Aleksandar Višnjić, Vladica Veličković and Slađana Jović
: A Practical Approach to Enhancing Organizational Performance (2 nd Edition). Jossey Bass, San Francisco, 2009.
Deming WE. The New Economics for Industry, Government, and Education. Cambridge, MA: The MIT Press; 2000.
Jam Mainz Defining and classifying clinical indicators for qualityimprovement. International Journal for Quality in Health Care 2003; 15(6): 523-30.
Zeynep Tosuner, Zühal Gücin, Tuğçe Kiran, Nur Büyükpinarbaşili, Seval Turna, Olcay Taşkiran and Dilek Sema Arici
Objective: A major target of quality assurance is the minimization of error rates in order to enhance patient safety. Six Sigma is a method targeting zero error (3.4 errors per million events) used in industry. The five main principles of Six Sigma are defining, measuring, analysis, improvement and control. Using this methodology, the causes of errors can be examined and process improvement strategies can be identified. The aim of our study was to evaluate the utility of Six Sigma methodology in error reduction in our pathology laboratory.
Material and Method: The errors encountered between April 2014 and April 2015 were recorded by the pathology personnel. Error follow-up forms were examined by the quality control supervisor, administrative supervisor and the head of the department. Using Six Sigma methodology, the rate of errors was measured monthly and the distribution of errors at the preanalytic, analytic and postanalytical phases was analysed. Improvement strategies were reclaimed in the monthly intradepartmental meetings and the control of the units with high error rates was provided.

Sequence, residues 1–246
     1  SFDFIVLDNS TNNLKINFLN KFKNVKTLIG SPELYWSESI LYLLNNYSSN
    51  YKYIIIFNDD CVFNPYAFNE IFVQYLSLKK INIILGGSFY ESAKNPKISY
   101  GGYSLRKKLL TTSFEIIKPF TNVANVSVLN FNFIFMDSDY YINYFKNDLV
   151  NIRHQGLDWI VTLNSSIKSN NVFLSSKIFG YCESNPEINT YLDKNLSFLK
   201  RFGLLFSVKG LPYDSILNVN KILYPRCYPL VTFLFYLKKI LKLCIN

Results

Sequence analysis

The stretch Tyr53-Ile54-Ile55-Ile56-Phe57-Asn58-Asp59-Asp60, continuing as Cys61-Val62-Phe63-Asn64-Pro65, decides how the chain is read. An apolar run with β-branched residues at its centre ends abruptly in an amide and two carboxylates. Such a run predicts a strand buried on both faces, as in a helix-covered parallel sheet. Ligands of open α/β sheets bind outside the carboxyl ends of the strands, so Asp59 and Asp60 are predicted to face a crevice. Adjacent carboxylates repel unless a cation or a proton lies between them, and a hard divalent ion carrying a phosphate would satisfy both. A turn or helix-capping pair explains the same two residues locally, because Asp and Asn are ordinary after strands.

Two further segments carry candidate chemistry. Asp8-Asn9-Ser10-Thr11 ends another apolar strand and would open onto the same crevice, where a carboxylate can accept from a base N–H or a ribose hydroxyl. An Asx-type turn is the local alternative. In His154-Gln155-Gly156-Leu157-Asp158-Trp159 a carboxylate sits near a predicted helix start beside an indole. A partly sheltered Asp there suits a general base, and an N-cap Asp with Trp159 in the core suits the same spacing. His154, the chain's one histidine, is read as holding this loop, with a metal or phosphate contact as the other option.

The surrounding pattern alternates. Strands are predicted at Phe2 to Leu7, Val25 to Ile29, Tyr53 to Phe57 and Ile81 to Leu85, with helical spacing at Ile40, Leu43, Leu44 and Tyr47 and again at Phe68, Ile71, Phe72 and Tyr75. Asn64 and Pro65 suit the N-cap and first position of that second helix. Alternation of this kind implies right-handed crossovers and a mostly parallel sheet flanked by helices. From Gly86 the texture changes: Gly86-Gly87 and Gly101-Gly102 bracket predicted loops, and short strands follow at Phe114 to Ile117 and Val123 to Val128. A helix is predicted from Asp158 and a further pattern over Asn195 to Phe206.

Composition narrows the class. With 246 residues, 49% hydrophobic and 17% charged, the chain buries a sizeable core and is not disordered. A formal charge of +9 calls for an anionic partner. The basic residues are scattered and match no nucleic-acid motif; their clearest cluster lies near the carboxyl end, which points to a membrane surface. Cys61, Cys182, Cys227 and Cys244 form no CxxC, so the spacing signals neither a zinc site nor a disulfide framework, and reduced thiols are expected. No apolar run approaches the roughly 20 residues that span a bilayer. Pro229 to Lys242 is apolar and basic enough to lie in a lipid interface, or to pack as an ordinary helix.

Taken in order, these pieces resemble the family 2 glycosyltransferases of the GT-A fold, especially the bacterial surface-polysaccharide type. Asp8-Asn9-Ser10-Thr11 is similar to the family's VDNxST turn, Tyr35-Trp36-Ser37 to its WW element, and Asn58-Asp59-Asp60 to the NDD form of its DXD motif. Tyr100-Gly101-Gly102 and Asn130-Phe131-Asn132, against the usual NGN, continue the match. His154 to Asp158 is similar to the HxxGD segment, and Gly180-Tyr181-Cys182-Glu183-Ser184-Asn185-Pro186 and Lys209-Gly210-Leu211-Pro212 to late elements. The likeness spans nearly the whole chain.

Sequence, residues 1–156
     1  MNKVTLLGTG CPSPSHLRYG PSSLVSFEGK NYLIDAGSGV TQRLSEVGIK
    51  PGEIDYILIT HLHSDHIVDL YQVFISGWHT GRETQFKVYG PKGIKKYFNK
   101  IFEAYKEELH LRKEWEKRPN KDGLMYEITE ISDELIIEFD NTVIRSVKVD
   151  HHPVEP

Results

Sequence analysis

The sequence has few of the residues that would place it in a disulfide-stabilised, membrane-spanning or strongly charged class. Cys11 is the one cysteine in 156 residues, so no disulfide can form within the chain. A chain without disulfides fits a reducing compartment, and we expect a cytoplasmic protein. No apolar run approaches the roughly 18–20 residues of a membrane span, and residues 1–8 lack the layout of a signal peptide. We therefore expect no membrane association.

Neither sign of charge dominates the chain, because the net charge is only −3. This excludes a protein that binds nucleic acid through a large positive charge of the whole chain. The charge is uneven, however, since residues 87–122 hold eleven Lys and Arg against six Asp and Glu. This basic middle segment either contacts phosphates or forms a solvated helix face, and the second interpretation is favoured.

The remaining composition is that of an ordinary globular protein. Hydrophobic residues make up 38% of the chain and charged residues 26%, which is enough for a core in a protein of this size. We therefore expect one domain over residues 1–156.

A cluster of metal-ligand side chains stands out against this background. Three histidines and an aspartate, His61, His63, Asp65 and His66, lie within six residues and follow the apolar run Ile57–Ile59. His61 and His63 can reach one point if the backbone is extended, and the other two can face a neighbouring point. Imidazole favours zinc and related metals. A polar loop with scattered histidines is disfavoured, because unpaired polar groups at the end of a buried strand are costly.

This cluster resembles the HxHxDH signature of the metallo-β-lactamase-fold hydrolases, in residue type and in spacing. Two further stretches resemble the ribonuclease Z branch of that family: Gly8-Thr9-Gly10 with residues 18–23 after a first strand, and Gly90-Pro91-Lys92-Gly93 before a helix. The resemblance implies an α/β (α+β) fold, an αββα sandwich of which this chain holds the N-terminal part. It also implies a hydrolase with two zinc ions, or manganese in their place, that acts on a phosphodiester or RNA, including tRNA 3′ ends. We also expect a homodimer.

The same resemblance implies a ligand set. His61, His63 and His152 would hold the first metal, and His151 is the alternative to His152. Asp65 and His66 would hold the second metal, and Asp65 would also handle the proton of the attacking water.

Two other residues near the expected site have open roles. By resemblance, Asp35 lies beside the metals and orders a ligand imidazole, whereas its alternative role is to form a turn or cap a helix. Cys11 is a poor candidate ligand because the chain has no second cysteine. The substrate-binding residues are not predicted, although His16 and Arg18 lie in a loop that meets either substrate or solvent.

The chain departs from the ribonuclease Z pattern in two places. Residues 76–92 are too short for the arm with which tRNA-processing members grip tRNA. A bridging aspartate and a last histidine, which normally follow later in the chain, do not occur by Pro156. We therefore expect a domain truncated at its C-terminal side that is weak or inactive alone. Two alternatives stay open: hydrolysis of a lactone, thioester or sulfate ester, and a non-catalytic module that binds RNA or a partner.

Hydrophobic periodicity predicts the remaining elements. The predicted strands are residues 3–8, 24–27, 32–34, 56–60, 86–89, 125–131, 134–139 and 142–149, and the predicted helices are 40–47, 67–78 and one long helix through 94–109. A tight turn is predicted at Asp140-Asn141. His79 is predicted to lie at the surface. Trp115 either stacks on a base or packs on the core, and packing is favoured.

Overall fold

Results: Fifty-six (52.4%) of 107 recorded errors in total were at the pre-analytic phase. Forty-five errors (42%) were recorded as analytical and 6 errors (5.6%) as post-analytical. Two of the 45 errors were major irrevocable errors. The error rate was 6.8 per million in the first half of the year and 1.3 per million in the second half, decreasing by 79.77%.
Conclusion: The Six Sigma trial in our pathology laboratory provided the reduction of the error rates mainly in the pre-analytic and analytic phases.
Owing to ongoing changes in the working world and the resulting changing requirements of university graduates, requirements for teachers are continuously changing. Although this is currently being taken into account at universities, there is a need to take action in the area of fieldwork education.
The aim was to create a skill profile for fieldwork educators in occupational therapy, thus providing a basis for fieldwork educators, universities, professional associations, and employers. This reflects on existing measures and generates new measures to facilitate quality improvement in the area of fieldwork education.
Requirements were evaluated in two focus groups with a total of 14 practical training experts. Data were analysed within the scope of a qualitative content analysis and summarized in one profile.
A total of 18 professional, methodical, social, and personal requirements were identified. Fieldwork educators are able to organise, take responsibility, have expertise, and prepare contents adapted to the needs of individual students. They guide, supervise, give feedback to students in a formative way, thereby assessing and supporting their personal development. Moreover, as communicators, they have a stable personality, are open for further development, flexible, and reflective.
In order to meet these requirements, fieldwork educators must be fully committed. Moreover, the professional association needs to create a role model and provide task-specific cross-university training. It also requires the support of universities who are called upon to increase networking and communication with all parties involved and the support of the employers who need to provide additional time resources.
Health Systems and Policies; 2008: 2.
4. Pencheon D, Guest C, Melzer D, Muir Gray JA. Oxford Handbook of Public Health Practice. Second edition. Oxford: Oxford University Press, 2006.
5. Ayanian JZ and Markel H. Donabedian’s Lasting Framework for Health Care Quality. N Engl J Med. 2016; 21: 375(3): 205-207. DOI: 10.1056/NEJMp1605101
6. Mainz J. Defining and classifying clinical indicators for qualityimprovement. Int J Qual Health Care. 2003; 15(6): 523-530.
7. Al-Abri R and Al-Balushi A. Patient Satisfaction Survey as a Tool Towards Quality
Matthias Hoben, Charlotte Berendonk, Ines Buscher, Tina Quasdorf, Christine Riesner, Doris Wilborn and Johann Behrens